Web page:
An example of a film that was higher-rated by the public than the critics was the 1967 John Schlesinger adaption of Thomas Hardy’s rural novel of comely and modern Wessex woman Bathsheba Everdene. This, and this year’s remake, both view like a superior soap-opera.
Everdene, a headstrong, independent and attractive miss inherits her uncle’s farm and decides to run it herself. Two men fall in love with her. One is a dependable and talented sheperd, Gabriel Oak, whose proposal of marriage she once rejected and who now, sportingly, looks after her sheep, farm and income. The other is William Boldwood, a wealthy middle-aged land-owner and confirmed bachelor to whom she sends a very ill-considered Valentine card with, as a joke that is sadly taken seriously, the words MARRY ME.
As time goes on Boldwood proposes marriage, which she declines, and her solid Oak saves her hay and corn from fire and storms and a number of her sheep from an agonising death by pasture bloat, caused by them breaking out to gorge on young wet clover, which quickly blows up in the rumen and can collapse lungs. Oak uses an emergency treatment to save the sheep which involves the use of a metal spike (trocar) sheathed inside a metal tube (cannula) which is stabbed into the side of the sheep and the spike then withdrawn, leaving the liquids and gases under pressure to exit explosively through the tube. (For those interested in literary trivia Hardy gets the names of the two components the wrong way round in his novel).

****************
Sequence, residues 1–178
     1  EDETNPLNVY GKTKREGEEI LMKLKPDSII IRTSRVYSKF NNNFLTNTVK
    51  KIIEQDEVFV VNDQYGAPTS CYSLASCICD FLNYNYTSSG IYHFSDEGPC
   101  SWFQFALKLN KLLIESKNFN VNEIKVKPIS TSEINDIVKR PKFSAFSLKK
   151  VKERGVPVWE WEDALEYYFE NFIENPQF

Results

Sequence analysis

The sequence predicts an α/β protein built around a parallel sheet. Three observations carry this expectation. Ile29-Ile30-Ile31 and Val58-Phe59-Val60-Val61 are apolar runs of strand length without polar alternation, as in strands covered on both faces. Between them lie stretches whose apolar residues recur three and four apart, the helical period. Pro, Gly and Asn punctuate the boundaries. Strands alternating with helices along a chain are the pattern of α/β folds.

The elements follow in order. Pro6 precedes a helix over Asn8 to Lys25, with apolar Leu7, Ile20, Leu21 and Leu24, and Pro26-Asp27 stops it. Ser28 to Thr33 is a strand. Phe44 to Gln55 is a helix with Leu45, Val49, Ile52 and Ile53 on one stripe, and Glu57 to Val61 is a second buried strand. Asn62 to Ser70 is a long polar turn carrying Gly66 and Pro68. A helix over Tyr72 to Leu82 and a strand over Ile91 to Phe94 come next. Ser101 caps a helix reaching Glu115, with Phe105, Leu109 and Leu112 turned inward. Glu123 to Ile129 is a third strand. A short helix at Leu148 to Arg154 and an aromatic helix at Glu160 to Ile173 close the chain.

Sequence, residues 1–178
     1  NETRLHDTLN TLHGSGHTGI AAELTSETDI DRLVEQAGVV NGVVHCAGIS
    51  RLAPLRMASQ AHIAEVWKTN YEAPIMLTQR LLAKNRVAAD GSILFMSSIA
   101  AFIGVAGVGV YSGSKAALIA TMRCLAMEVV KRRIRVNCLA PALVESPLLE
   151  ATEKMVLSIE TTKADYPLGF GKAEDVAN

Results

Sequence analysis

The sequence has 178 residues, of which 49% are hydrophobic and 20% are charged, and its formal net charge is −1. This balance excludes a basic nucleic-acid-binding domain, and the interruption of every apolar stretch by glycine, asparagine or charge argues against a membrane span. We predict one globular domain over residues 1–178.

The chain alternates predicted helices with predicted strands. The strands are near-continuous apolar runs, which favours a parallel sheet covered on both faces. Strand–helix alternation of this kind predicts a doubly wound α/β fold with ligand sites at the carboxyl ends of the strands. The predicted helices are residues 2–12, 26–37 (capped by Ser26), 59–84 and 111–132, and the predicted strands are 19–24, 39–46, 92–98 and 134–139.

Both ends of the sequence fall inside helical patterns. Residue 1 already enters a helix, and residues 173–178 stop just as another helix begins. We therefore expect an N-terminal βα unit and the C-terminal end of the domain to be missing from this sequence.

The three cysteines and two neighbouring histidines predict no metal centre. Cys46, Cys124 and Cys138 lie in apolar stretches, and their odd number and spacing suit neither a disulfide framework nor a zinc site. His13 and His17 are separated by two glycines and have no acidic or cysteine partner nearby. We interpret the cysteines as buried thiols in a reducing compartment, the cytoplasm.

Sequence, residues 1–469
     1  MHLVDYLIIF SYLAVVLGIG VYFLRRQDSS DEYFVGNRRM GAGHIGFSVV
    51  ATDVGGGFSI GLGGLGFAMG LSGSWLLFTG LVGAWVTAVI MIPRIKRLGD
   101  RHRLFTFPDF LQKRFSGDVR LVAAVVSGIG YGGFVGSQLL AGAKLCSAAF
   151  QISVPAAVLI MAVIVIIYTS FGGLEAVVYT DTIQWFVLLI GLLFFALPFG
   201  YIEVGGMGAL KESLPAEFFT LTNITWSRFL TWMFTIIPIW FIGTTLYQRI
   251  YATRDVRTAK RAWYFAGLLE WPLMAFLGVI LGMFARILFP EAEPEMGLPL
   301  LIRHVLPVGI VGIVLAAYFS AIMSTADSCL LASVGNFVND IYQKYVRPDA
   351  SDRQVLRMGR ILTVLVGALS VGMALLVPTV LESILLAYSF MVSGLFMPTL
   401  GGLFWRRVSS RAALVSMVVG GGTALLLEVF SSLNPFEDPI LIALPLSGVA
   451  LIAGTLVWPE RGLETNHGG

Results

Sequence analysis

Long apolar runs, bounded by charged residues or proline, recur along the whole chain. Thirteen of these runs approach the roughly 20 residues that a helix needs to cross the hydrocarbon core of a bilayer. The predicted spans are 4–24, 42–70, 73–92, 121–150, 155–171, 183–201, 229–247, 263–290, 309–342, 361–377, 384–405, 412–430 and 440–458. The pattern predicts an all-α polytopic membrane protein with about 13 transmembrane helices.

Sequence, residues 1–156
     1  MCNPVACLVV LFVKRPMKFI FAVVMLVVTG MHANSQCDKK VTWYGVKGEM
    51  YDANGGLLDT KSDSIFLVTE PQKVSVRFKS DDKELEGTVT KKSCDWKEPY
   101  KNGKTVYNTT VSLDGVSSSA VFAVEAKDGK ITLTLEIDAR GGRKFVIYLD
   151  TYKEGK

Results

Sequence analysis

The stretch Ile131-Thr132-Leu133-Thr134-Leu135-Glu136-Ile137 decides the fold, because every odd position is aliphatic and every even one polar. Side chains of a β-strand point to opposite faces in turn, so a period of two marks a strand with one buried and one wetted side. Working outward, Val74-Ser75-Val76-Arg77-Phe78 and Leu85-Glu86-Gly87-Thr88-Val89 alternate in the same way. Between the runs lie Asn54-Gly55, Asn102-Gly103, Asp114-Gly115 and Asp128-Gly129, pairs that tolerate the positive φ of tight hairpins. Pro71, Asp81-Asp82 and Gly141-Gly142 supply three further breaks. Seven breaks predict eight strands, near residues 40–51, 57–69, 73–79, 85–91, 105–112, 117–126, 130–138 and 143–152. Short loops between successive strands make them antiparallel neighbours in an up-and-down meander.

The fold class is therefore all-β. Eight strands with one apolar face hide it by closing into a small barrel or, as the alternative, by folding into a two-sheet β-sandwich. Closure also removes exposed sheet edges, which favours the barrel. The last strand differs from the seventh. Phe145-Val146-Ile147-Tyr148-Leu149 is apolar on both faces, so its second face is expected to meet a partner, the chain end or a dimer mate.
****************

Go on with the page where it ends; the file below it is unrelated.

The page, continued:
Meanwhile a dashing young soldier, the reckless and unscrupulous Sergeant Frank Troy appears in our heroine’s life, and against her better judgement dazzles and seduces her with flattery and a flashing display of swordsmanship and then secures her hand in marriage, an ill-considered partnership that is destined to have tragic consequences. Prior to this Troy had got a young woman working for Boldwood, Fanny Robin, pregnant and had agreed to marry her. Sadly Robin went to the wrong church and in a fit of pique Troy refused to rearrange the ceremony, leaving her to die quietly and unknown in childbirth in the workhouse, a tragedy that genuinely sears Troy’s conscience.
The 1967 film starred the cinema’s darling at the time, Julie Christie as Everdene,,Alan Bates as Oak, Peter Finch as Boldwood and Terence Stamp as Troy. This year’s remake, directed by Thomas Vinterberg, is 50 minutes shorter with big cuts in Troy’s scenes and stars today’s cinema darling Carey Mulligan as Everdene, Matthias Schoenaerts as Oak, Michael Sheen as Boldwood and Tom Sturridge as Troy.
The original film has been correctly described as “a hard act to follow” Whether or not the remake has achieved this is something most critic’s juries are still out on, and it will be interesting to see if it wears as well, and as long, with the public.